Stock Market Perspective
After the bear markets of 2000–2002 and 2008, we seem to have entered an era in which investors wonder whether a market collapse is right around every corner, even following new market highs. The S&P 500 Index achieved a new high at the end of the first quarter, closing at 1,569 after beginning the year at 1,426, but has experienced considerable volatility surrounding the events in Boston. So, is it reasonable to fear a severe market downturn given this generally good performance in tandem with recent events?
Over longer periods of time, we know that the
world’s stock markets have generally gone up. Over the period of 1900–2012, stocks outperformed inflation by about 5.0 percent per year. From a simple point of view, this means that new stock market highs have been the norm and not the exception. In one way, this reflects the triumph of capitalism and the general improvement in living standards the world has enjoyed as time has marched on.
Specific to the current market, the S&P 500 hit its previous high of 1,565 in October 2007. Prior to that, it had hit 1,527 in the early 2000s. This underscores one other reason why recent market highs do not imply markets are due for a correction. Namely, it is important to realize that the first quarter stock market high was barely higher than levels the stock market reached more than 10 years ago.
Said differently, while the stock market did achieve a new high at the end of the first quarter, from a longer-term point of view, the market has barely gone up for more than a decade. In fact from the high of the early 2000s through the end of the first quarter, the S&P 500 returned just 2.1 percent per year. This is hardly indicative of a market that is “clearly” due for a correction.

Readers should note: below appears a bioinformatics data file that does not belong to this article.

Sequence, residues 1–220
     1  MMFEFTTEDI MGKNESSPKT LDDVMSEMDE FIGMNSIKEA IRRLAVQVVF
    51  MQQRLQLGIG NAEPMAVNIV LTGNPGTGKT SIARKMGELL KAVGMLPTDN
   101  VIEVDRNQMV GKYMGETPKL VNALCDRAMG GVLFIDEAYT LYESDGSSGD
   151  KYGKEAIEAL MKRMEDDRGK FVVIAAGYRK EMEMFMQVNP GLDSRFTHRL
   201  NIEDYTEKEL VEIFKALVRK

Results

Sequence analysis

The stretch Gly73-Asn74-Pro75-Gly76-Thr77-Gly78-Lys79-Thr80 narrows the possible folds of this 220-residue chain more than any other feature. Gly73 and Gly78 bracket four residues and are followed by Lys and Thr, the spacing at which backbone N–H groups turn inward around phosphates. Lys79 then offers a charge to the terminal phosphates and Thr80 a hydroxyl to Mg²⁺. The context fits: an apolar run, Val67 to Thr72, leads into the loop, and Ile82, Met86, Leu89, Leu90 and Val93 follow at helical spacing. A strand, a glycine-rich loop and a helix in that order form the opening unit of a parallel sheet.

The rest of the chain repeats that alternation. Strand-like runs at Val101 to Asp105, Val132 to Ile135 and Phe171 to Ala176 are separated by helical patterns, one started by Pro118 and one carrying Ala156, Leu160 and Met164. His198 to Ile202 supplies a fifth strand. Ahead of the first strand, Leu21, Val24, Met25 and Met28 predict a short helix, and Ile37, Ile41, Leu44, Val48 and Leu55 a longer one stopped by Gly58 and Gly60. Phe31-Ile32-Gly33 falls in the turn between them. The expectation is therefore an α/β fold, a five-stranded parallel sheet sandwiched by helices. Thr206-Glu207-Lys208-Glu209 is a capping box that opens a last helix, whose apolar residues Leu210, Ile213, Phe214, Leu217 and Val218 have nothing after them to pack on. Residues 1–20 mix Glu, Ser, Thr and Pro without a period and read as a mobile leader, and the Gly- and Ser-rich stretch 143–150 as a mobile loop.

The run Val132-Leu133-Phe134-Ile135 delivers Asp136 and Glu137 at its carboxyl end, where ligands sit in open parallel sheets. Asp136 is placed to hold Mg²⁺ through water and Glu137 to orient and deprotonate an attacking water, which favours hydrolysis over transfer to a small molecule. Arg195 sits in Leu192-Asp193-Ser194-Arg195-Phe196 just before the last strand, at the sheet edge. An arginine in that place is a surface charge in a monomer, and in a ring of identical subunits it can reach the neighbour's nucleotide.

With respect to recent volatility, virtually every year has a period of time when markets do poorly and volatility increases. For example, during the great stock market performance of the 1990s, the S&P 500 had quarters when it was down by 13.7 percent, 9.9 percent and 6.2 percent. So, periods of higher volatility do not always precede poor performance.
Organizations are wise to factor in their risk tolerance when determining how much to allocate to stocks. They should set reasonable expectations for long-term stock market performance when planning for spending and other goals and objectives.
While stocks have outperformed bonds by about 8 percent per year over the long-term history of the U.S. market, the general consensus is that investors should plan for stock returns to be around 4–5 percent higher than bonds on a forward-looking basis. Organizations that assume returns will be significantly higher than this will likely be disappointed.
The opinions expressed by featured authors are their own and may not accurately reflect those of the BAM ALLIANCE. This article is for general information only and is not intended to serve as specific financial, accounting or tax advice.
© 2014, The BAM ALLIANCE